LEWISTON — School officials will get a second vote on their $69 million budget after city councilors narrowly agreed to send the matter on to voters Tuesday.

Councilor Shane Bouchard, speaking for those who voted no, said the proposed school budget was too similar to one voters turned down earlier this month.

“To send the same budget back to the voters — as a voter, I’m quite offended,” Bouchard said. “I think it’s irresponsible of the School Committee to do that.”

Councilors ultimately approved the budget 4-3, with Bouchard, Tim Lajoie and Mike Lachance opposing it.

Councilors in April approved a version of the school budget that called for a $4.09 million increase over the current year’s spending plan. That $69 million budget, rejected by voters on May 10, was defeated 373-367 — a six-vote margin.

School officials approved a second-draft budget Monday that was fundamentally the same as the one voters turned down May 10. The latest draft cut $19,000 overall from the May 10 version, but left the property tax rate the same for the 2016-17 fiscal year. The budget would still be a 6.3 percent increase over the current year’s budget, designed to pay for increased student enrollment.


The School Department’s second draft pays for summer school at Longley and Martel elementary schools with a grant, taking $36,000 off the property tax rolls. An education technician job for a school library was added, however, at a cost of $17,000.

Those two changes left the budget reduction on property taxes at $19,000.

Superintendent Bill Webster said both budgets represent the least amount of local property taxes the city can collect for the schools and meet state guidelines. Every dollar reduction would mean a corresponding $2.50 cut in state revenue.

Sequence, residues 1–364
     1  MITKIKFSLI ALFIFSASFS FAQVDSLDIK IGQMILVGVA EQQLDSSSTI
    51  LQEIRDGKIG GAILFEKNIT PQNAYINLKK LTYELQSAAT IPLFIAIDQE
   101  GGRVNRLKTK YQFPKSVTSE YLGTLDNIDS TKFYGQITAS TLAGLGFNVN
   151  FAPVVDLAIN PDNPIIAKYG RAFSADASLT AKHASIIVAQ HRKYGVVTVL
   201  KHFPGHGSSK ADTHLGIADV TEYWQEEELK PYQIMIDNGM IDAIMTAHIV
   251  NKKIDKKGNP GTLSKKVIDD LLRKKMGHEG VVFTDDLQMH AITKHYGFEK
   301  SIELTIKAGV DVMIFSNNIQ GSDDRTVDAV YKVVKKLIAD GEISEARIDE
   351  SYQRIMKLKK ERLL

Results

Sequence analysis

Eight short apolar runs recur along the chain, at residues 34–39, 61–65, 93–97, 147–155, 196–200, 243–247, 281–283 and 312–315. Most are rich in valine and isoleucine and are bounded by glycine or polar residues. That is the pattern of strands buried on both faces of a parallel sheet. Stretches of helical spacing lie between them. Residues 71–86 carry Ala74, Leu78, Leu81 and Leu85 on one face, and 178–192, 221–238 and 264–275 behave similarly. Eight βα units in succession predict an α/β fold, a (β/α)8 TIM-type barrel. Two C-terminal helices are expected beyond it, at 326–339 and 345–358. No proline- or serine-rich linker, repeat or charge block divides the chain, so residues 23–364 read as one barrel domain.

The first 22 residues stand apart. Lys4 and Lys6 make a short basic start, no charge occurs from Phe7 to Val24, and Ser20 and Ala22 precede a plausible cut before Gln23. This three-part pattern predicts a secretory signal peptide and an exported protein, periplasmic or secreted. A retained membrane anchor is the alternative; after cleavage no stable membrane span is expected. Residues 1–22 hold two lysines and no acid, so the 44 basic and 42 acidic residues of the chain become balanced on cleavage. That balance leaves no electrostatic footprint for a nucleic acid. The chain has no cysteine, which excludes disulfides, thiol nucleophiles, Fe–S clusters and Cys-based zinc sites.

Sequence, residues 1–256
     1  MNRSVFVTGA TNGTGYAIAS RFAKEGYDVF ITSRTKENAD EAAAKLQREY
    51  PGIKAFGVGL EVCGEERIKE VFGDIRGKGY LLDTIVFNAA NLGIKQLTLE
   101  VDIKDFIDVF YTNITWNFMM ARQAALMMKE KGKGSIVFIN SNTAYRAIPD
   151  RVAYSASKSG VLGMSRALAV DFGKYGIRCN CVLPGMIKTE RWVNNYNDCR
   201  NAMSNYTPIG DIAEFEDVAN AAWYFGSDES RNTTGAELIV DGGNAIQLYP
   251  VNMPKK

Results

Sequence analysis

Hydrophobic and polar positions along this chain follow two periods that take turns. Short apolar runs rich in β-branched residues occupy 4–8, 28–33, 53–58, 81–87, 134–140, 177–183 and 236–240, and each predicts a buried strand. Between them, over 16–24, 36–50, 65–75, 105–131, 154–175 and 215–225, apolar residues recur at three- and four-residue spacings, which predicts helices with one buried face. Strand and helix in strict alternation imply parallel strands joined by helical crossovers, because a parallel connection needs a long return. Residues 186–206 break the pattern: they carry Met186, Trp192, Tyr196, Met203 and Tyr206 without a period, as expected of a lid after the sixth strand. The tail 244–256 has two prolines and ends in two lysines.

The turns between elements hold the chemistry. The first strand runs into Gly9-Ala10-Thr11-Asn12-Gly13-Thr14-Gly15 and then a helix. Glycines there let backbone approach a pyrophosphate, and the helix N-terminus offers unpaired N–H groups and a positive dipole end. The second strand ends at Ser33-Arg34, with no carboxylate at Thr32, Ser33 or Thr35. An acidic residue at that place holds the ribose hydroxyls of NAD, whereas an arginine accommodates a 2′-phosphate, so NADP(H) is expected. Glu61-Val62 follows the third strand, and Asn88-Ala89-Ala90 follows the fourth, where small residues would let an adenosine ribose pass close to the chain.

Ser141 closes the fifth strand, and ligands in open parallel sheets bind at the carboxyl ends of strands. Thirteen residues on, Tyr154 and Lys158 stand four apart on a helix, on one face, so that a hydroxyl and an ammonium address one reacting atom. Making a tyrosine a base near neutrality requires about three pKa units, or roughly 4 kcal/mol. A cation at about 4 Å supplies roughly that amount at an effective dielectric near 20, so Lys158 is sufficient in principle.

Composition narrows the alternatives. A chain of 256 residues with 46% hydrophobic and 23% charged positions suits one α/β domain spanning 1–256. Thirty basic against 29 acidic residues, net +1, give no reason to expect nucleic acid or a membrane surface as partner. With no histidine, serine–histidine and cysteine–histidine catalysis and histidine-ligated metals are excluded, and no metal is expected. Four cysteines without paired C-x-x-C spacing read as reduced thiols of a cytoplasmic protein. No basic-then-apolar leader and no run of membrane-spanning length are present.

Councilor Kristen Cloutier, the council’s representative on the School Committee, said it’s one of the reasons she supported it.

“The struggle for me came in that community members feel that these changes may not be substantive enough. I respect that,” she said. “But at the end of the day, we are on a tight timeline. We had to approve a budget last night and the council has to approve it tonight if we want to make the June 14 ballot.”

That ballot was another issue, with parent Tina Hutchinson urging councilors to send the budget back to the School Committee for more work. Voters also will vote June 14 on building a new elementary school. Hutchinson said she fears an unpopular budget could doom the new school.


“They are putting the new school in jeopardy,” she said. “We have to give it priority. Send the budget back to the schools and don’t put the school in jeopardy.”

Bouchard agreed.

“I feel very passionate about that school and about the new fields,” Bouchard said. “Putting that in jeopardy is also very irresponsible.”

Voters will see two questions under that heading:

• To approve the $49.7 million school building (to be funded by the state); and

• To approve spending $2.1 million for a larger gym and artificial turf (to be funded locally).


The 880-student school would be for students at Martel and Longley schools, and would take another 150 students from other schools to relieve overcrowding. The project would include new athletic fields for high school students and community walking trails.

If approved by voters, it would open in the fall of 2019.

Councilors also passed a resolution urging voters to approve the new elementary school 6-1, with Lachance in opposition.

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